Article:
Fandry: The Power of Storytelling
On the face of it, ‘Fandry’, Nagraj Manjule’s directorial debut, is an adolescent love story set in a remote village in Maharashtra. Jabya, a 14 year old Dalit boy falls in love with a beautiful upper caste girl in his school. Jabya sneaks stolen glances at Shalu, entranced by her beauty as she walks with her friends or sits in the classroom. He dreams of them together, in love.
Jabya tries to distance himself from his father, a lower caste man who does the dirty-work in the village that nobody else will do. The most demeaning job is to chase out wild pigs or ‘fandry’ from the village. Upper caste people consider ‘fandry’ too dirty to touch themselves.
Jabya doesn’t identify with the limiting constructs of the caste system. He doesn’t want to touch pigs, he dreams of a better life, he wants to study, he wants to buy nice clothes and impress Shalu. He believes he is good enough to be Shalu’s love.
The reality is very different from his dreams. The repeated ridicule of arrogant upper caste people wear him down. How long can this self-respecting child take the indiginty?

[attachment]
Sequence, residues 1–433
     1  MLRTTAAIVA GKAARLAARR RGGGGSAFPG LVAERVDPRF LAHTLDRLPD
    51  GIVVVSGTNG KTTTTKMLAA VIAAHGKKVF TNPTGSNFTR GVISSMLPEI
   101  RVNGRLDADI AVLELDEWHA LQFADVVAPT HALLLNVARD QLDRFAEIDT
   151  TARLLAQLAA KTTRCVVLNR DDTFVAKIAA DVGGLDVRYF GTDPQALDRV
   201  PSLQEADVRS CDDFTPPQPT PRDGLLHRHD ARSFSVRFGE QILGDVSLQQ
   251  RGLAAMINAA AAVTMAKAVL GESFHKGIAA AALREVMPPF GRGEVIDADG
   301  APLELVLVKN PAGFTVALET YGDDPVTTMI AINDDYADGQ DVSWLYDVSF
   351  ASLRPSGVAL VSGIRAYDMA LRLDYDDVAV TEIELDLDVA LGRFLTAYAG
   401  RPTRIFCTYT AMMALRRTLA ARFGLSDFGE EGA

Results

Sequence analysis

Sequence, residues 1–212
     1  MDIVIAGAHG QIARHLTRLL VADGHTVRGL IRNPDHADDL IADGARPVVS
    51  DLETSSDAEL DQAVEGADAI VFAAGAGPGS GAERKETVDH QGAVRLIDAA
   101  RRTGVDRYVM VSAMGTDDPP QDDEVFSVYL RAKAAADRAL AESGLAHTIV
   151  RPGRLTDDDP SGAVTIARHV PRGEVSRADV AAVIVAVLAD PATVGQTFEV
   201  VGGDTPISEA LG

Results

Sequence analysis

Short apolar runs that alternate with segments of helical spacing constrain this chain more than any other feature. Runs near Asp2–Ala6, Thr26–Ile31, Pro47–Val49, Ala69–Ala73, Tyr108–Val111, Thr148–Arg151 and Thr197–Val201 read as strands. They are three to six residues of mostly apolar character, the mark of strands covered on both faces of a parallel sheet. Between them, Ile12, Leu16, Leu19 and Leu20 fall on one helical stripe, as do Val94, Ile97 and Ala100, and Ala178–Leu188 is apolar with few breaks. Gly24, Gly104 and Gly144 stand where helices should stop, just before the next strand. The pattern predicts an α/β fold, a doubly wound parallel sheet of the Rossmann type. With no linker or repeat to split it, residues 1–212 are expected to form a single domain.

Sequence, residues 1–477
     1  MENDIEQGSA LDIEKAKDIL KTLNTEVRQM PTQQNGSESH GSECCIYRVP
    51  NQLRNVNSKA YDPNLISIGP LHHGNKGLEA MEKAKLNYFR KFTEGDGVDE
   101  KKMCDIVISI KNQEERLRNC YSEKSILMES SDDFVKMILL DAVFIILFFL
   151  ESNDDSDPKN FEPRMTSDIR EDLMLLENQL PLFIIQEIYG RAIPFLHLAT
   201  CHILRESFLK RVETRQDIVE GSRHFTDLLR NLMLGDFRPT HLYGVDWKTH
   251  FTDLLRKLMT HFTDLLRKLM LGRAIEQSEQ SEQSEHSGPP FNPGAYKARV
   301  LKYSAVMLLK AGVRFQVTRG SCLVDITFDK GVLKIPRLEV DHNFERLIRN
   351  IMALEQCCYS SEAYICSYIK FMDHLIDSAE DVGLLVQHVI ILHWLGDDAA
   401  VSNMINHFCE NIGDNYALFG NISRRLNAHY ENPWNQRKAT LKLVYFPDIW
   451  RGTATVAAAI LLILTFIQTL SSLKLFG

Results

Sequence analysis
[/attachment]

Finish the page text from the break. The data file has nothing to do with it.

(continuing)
Fandry portrays the reality of caste prejudice in India today, through a beautifully told story. The visual beauty of the Maharashtra landscape captured by Vikram Amladi, the authentic performances of all the actors and the heart wrenching background score by Alokananda Dasgupta, come together perfectly to create a cinematic jewel, a compelling story of great power and simplicity.
I had the pleasure of interviewing Nagraj Manjule, while he was in LA for IFFLA 2014, where his film won the Jury Grand Prize for narrative feature film. I was moved by his simplicity, clarity and genuineness, “I just told a story that I know, a story from my own reality. Its not so much that I had to make a film, its that I had to tell this story, that I have lived.” My next post will be about our interview.